RENEE MONTAGNE, host:
One change President Obama promised in the 2008 campaign was to undo Don't Ask Don't Tell. And now that hes gotten to it, some gays who were once in uniform are stepping forward to tell their stories. Many have been discharged from the military because of their sexual orientation.
NPRs Ina Jaffe introduces us to two who served proudly until they were forced out.
INA JAFFE: In a tailored black pantsuit and crisp blue shirt, Julianne Sohn could be any office worker in downtown L.A., only the bulge made by the gun on her right hip gives her away as a police officer. She used to be a Marine. She went into the Corps officer training program right out of college, though she knew that being bisexual might make that complicated.
Ms. JULIANNE SOHN (Police Officer): Serving my country was a huge honor, and I was willing to sacrifice my personal life to go into the Marine Corps.
JAFFE: Where she served four years on active duty, rising to the rank of captain, and four years in the reserves. That included a tour of duty as a public affairs officer in Iraq escorting journalists around Fallujah. Now seated on a bench in the Plaza in front of LAPD headquarters, Sohn explains that the dont ask, dont tell policy was different in practice than on paper.
Ms. SOHN: I was out to some of close friends. These are lieutenants and captains, but a lot of them didnt care. All that really matter is just getting the job done.
JAFFE: So she eventually became comfortable enough to begin talking to college groups about serving under Dont Ask Dont Tell. She figures it was a news clip about one of those talks that led to her forced resignation. But she told her military lawyer that she would not sign the standard document.
Ms. SOHN: Because I want to be a Marine. This thing says that I dont want to be a Marine. And Im like, I'm going to write whatever I please because, at this point, you know, there's no point in lying about anything, you know. So, sorry.
JAFFE: We sit for a while till her tears stop.
Ms. SOHN: I wrote my own letter basically stating that, yes, I wanted to stay in the Marine Corps. And if the Marine Corps finds a public affairs officer, who actually has a masters in journalism and has done a tour of duty in Iraq and who graduated at the top of her class at LAPD as somebody who's not qualified, then so be it.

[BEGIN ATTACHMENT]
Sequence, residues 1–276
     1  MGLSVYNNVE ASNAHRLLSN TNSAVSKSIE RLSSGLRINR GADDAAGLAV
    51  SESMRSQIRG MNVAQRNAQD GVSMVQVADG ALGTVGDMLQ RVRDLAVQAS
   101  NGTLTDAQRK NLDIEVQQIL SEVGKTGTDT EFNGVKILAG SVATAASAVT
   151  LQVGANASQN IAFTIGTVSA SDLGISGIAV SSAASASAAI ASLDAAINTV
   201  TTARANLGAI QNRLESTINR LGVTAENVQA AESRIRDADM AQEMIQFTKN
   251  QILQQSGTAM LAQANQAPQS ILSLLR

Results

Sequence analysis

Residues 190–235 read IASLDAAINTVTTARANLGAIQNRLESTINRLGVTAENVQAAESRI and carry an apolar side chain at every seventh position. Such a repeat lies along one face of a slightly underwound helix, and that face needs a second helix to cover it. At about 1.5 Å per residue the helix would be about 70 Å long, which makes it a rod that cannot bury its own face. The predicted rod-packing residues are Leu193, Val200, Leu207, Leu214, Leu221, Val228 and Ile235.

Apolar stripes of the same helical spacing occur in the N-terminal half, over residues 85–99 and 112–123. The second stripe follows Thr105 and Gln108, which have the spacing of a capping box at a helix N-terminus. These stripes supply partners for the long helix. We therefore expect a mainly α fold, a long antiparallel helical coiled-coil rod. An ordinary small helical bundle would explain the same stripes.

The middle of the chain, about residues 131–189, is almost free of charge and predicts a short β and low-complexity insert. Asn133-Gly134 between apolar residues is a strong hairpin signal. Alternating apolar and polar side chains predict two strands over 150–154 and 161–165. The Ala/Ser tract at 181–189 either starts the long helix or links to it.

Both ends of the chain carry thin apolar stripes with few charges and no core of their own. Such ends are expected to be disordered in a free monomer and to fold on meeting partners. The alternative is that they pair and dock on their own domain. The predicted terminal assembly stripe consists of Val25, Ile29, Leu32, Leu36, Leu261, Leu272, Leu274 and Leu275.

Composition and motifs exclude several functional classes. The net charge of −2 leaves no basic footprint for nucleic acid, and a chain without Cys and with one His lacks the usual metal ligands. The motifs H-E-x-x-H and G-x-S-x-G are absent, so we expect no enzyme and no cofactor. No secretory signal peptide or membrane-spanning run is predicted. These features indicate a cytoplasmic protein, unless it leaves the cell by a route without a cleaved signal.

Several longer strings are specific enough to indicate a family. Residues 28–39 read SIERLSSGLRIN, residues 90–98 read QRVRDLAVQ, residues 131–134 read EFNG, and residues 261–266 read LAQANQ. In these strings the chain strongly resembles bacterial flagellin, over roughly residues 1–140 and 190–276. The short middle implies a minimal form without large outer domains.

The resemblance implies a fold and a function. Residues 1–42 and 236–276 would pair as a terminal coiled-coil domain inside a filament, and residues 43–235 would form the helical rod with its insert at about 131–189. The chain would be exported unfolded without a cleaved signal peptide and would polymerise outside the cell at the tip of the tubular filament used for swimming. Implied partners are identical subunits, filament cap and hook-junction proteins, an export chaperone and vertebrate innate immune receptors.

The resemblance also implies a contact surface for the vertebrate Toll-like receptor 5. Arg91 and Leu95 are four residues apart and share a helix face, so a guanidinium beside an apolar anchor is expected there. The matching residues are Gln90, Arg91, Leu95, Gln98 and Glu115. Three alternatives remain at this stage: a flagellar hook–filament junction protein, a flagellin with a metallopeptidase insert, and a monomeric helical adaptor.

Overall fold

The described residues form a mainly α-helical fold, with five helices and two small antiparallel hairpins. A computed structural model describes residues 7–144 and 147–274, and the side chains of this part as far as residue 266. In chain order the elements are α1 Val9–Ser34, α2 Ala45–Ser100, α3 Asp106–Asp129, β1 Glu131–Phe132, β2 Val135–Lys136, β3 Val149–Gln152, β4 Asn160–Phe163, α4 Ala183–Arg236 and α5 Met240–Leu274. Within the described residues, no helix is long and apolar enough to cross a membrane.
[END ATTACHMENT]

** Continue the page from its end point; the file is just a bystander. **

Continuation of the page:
JAFFE: But job qualifications aren't the issue. In 2008, when Anthony Loverde left the Air Force, the military lost a staff sergeant who was an expert at calibrating weapons systems and had been in charge of cargo on 60 flights into Iraq. Then, after seven years in the Air Force, he went into his commander's office and outed himself.
Mr. ANTHONY LOVERDE: Because I just didn't believe any longer that it was appropriate for me to continue to tap dance around the subject. And I thought I was being dishonest to my crew members.
JAFFE: It took Loverde some time to get to this point in his life. When he'd enlisted at the age of 20, he was fighting the idea that he was gay.
Mr. LOVERDE: I actually thought the military would teach me so much discipline that I'd be able to control myself and not be gay.
JAFFE: It was the many gay service members he met after enlisting in the Air Force who helped him find his sexual identity.
Mr. LOVERDE: So when I entered, I thought it was going to help me stay on the straight path. But, in essence, it just made me more gay.
(Soundbite of laughter)
JAFFE: When Loverde left the Air Force, he was hired immediately by military contractor, KBR. He was sent to Iraq, Afghanistan and Washington, D.C., to do roughly the same job he'd had in the service.
Mr. LOVERDE: Everyone was very welcoming to me being openly gay. And this time, as a civilian, I didn't have to pretend, you know, and it was very liberating.
JAFFE: Now, Loverde's trying to find a new path in life. He's working on a MSA degree in photography in San Francisco. His little apartment is strewn with photographic equipment and black-and-white shots of gay service members in uniform.
Mr. LOVERDE: I'm taking their portraits in a way that conceals their identity, but shows their patriotism and service.
JAFFE: Loverde has been intensely following the debate on the possible repeal of don't ask, don't tell taking place in Washington.
Mr. LOVERDE: I want to be hopeful, but I'm also a pessimistic person. So Im not holding my breath.
JAFFE: But he knows exactly what he'd do if don't ask, dont tell were repealed: He'd reenlist in the Air Force without hesitation.
Ina Jaffe, NPR News.